Trade has historically been a powerful driver of economic growth and poverty alleviation in Asia. While tariff barriers to trade in Asia are low overall, a new measure of non-tariff barriers suggests those remain high in many Asian emerging markets and developing economies. Unlike tariffs, these barriers include policies that introduce frictions such as licensing requirements or restrictions on trade, payments and exchange foreign currencies.
Reducing trade barriers can reignite growth engine. Concerted efforts have to be made to liberalize trade, invigorate sustainable growth and minimize post pandemic scarring. According to a recent research, as detailed in the International Monetary Fund (IMF) Asia-Pacific Regional Economic Outlook, easing non-tariff barriers can boost gross domestic product, potentially healing pandemic scarring. The findings take on added significance given that IMF forecasts suggest GDP in 2024 will be 6% below the pre-crisis trend in Asian emerging and developing economies, equal to losses of about US$ one trillion annually.
For a better understanding, it helps to consider the region’s history of cross-border activity. Strong GDP growth in Asia was accompanied for decades by a steady rise in measures of trade openness, such as the share of goods and services trade in GDP, and greater participation in global value chains. However, this openness has stalled in recent years, suggesting that Asia’s traditional growth engine was slowing even before the pandemic.
This coincided with slower reforms. Average tariffs in Asia fell sharply from more than 50 percent in the 1970s to single digits in the early 2000s, leaving little room to improve. But levies aren’t the whole story. Non-tariff barriers have long been viewed as a significant impediment to trade, though concrete analysis has been challenging due to data limitations.
To overcome this constraint, a forthcoming IMF working paper compiles a comprehensive measure of trade restrictions for 159 economies as far back as 1949. This index uses detailed trade-barrier data in the IMF’s Annual Report on Exchange Arrangements and Exchange Restrictions. This highlights various obstacles such as licensing requirements or documentation hurdles for releasing foreign currency.
The index shows that in contrast to the major drop in tariffs over the past half a century, non-tariff barriers have declined less and remain relatively elevated. The level for Asia declined from near 20, the highest level, in the 1960s to around 15 by 1995, but has since remained little changed.
Benefits of open trade
The numbers tend to be particularly high for low-income countries such as Nepal, Bangladesh and Myanmar, though large emerging economies such as China and India also have scope for reforms. The average reading among Asia’s emerging market and developing economies also is significantly higher than those for other regions.
Empirical analysis suggests lowering of non-tariff barriers offers potentially large economic gains. A significant reduction in the measures, along the lines of Sri Lanka’s removal of export licensing, financing, and documentation requirements in the early 1990s, can help boost GDP by about one percent in the short-term.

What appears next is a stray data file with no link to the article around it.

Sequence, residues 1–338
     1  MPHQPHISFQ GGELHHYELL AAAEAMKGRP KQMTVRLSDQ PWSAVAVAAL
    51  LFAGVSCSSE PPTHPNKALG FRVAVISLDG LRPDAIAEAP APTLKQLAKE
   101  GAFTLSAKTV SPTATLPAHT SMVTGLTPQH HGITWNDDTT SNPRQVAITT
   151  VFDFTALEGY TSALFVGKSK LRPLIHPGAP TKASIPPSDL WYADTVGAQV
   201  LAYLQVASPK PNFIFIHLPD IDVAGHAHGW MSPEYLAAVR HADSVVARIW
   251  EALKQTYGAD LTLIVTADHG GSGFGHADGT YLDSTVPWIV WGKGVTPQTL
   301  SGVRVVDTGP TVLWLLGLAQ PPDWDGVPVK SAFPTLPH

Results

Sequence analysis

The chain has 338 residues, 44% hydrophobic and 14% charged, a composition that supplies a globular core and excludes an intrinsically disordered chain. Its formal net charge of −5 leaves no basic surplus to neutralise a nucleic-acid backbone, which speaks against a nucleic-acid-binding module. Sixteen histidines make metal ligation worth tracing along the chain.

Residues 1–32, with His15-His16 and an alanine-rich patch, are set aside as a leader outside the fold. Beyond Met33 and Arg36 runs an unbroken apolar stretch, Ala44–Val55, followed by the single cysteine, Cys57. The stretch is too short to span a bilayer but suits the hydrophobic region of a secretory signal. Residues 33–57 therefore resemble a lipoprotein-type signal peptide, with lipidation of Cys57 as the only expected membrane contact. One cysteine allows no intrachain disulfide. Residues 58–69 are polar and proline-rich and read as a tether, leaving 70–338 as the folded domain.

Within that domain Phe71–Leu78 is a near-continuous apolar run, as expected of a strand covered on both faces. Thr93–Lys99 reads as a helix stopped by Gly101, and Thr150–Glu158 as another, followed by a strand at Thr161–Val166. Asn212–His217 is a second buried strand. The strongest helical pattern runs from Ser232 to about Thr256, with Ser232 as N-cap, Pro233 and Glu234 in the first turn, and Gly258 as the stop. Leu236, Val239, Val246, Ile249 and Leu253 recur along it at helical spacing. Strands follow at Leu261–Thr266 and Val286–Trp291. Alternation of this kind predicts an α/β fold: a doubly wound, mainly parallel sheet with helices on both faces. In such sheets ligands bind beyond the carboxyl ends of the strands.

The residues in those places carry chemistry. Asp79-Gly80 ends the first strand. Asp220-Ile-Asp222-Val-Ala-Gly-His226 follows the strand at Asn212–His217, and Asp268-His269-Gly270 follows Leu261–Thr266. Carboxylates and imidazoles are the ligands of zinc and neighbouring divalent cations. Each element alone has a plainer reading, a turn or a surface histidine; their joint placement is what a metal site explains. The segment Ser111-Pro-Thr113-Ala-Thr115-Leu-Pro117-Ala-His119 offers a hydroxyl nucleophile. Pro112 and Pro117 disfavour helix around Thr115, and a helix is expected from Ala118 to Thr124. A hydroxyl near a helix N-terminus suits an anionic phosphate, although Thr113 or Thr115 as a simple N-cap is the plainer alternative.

Notably, improvements come from greater investment and productivity, not directly through higher net exports. This highlights how advances from trade liberalization occur via multiple channels that include benefits from specialization, technology transfer and the reallocation of resources to more productive firms.
As vaccinations foster the recovery from the pandemic, policymakers must prioritize economic reforms to support growth and minimize scarring from the crisis, especially in emerging and developing economies. These can include introduction of following policies aimed at reversing the pandemic-induced setback to workforce education and skill levels, as well as reforms to labor and product markets.
Lowering goods barriers
Many Asian economies require import and export licenses and extensive documentation for releasing foreign currency, or restrict the use of foreign exchange. Removing such obstacles can ease administrative delays and reduce costs for international transactions.
Reducing services restrictions
There is significant scope to ease restrictions on transactions beyond physical goods in areas such as travel, shipping, and consulting and on international transfers. Reforms will likely offer greater benefit in coming years as services trade grows more rapidly.
While reducing trade barriers can help boost output in the medium term, it can also come with potentially adverse distributional consequences. The reallocation associated with reforms generates winners and losers, with the already better-off often benefitting more. Therefore, it is essential to accompany trade reforms with policies to mitigate impacts on inequality, including financial support for the hardest hit and retraining programs to help workers find new jobs.
As economies confront years of lingering effects from the pandemic, a renewed embrace of trade openness is a promising avenue to explore. Healing the pandemic’s scars is a priority, and our research shows that reducing trade barriers can reignite Asia’s growth engine.